As I finish writing these lines, another impersonal "Dear Author" rejection arrives in my Inbox. Another agent to cross off the list. But there are still others to query. After all, it only takes one agent to say "Yes" to proceed. If you never query, you will never get rejected.

Surviving the quagmire of querying is just one of the many challenges on the path to publication, but there are many ways to get your book published. Don’t lose sight of the end goal. Continue to write!


  1. Sending you lots of positive energy for your goals. May 2015 give you all you need!

  2. Very good advice. I plan to start agent hunting this year, so I'll be sure to keep this in mine. Good luck with your search! :)


  3. I wouldn't bother with an agent, at least, not yet. Most of the writers I know don't use them.

    Basically it's an issue of economics. Dean Wesley Smith covers agents in his Killing the Sacred Cows of Publishing which is readable on his website.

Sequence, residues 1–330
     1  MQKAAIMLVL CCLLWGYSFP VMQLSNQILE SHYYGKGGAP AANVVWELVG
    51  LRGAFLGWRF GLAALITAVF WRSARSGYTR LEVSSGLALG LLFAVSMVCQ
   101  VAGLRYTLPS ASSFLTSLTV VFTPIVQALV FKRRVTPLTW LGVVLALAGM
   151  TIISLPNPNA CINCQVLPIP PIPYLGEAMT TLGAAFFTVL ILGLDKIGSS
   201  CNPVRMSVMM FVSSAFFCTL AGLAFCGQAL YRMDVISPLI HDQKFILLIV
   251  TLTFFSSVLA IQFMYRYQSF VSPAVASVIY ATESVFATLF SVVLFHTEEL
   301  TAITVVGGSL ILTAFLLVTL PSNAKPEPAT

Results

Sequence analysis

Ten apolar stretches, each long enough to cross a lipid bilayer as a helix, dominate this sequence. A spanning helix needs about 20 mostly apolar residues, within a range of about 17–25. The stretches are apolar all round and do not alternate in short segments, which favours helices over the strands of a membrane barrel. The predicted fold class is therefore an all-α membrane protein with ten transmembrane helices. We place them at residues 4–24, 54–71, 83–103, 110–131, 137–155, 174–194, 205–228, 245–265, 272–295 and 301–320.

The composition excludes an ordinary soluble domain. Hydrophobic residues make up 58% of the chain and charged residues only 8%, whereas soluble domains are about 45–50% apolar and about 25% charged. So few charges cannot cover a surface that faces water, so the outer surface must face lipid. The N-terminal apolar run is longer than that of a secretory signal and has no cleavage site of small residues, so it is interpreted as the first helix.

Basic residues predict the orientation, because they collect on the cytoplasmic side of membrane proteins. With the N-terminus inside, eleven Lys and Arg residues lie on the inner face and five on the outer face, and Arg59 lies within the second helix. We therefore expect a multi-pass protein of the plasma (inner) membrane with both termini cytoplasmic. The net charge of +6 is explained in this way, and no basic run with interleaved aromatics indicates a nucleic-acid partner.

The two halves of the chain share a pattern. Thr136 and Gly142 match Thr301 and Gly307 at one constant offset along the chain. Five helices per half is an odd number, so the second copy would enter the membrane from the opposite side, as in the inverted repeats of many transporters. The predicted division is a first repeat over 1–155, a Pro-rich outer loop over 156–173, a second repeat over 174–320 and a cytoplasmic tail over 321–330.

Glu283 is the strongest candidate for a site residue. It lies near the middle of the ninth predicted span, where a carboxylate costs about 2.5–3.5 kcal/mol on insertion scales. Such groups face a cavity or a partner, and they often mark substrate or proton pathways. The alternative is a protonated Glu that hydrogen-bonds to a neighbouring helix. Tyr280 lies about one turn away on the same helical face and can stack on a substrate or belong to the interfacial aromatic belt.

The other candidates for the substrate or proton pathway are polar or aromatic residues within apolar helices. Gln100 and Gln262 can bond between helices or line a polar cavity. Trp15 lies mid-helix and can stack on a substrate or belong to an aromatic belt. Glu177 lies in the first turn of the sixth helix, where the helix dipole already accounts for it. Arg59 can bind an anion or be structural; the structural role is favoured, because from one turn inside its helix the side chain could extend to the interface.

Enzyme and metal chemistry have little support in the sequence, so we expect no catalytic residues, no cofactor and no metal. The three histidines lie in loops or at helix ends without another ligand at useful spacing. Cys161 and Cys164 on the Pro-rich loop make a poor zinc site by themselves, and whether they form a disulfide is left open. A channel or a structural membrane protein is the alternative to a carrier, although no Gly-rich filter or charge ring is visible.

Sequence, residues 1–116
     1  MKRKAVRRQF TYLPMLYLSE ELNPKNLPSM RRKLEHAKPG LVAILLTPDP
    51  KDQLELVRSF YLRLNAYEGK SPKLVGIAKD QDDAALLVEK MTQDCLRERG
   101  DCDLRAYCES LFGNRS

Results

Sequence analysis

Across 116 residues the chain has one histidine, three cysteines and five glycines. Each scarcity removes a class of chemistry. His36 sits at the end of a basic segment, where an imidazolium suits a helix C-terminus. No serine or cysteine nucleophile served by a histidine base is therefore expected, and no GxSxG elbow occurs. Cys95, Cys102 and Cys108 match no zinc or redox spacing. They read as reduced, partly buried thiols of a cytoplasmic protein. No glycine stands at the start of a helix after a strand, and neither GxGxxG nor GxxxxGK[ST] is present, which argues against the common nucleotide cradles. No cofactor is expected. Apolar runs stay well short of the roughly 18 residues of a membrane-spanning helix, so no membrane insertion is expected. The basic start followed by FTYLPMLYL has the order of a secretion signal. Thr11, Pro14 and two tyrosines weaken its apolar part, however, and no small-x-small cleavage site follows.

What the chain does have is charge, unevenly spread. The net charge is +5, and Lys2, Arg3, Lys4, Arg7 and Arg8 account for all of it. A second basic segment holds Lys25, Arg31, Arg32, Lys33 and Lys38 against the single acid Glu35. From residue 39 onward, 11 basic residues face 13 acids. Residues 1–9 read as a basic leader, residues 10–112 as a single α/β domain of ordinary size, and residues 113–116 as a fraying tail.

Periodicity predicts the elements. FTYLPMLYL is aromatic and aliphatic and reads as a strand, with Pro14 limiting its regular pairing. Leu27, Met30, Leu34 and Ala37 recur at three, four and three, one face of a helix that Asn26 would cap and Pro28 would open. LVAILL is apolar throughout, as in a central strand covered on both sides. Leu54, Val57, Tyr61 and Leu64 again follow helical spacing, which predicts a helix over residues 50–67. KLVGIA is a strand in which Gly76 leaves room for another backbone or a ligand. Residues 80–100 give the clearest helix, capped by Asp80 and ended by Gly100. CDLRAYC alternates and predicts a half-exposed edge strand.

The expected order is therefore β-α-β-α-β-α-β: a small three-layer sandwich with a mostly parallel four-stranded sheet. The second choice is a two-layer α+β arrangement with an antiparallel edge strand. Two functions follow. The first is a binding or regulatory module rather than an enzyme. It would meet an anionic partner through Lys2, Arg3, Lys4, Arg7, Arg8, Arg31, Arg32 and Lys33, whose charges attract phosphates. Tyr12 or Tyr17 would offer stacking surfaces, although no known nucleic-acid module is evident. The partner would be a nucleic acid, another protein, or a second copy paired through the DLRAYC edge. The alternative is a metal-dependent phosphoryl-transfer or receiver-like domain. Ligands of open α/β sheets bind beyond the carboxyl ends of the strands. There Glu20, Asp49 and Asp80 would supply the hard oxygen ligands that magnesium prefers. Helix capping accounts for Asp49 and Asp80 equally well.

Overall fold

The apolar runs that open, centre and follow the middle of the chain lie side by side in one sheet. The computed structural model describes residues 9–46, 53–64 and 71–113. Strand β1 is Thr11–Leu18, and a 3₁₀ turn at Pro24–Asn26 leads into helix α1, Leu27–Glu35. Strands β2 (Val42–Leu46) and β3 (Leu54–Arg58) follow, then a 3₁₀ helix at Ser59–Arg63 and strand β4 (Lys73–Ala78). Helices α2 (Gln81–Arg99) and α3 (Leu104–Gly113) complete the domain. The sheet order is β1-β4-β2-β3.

4. Carry on! I'm at the same point you're at with querying agents and I'm getting dangerously close to the end of my list. You're right that every time one presses the Send button, hope soars. It does so even more if an agent requests to see the manuscript. And then, inevitably it seems, the often canned rejection arrives. It is disheartening, but as you say, it takes only one "Yes!" Good luck!

  5. Thanks for this! This is probably what every independent author goes through.
    I, too, am a self-published, older author who only began seriously trying to publish after retirement: reinventing myself as a writer and social critic. I've self-published two books (nonfiction) and am now working on a third revision of one I would really like published through a commercial publisher. I'm wondering if my age is a factor in an inability to attract an agent; I'm sure some sort of calculus goes on about how many books the author has in him/her. I had one interested agent, but she has not gotten back to me since I sent the proposal a few month ago. I guess I'll begin querying in earnest again this year. Thanks for the boost.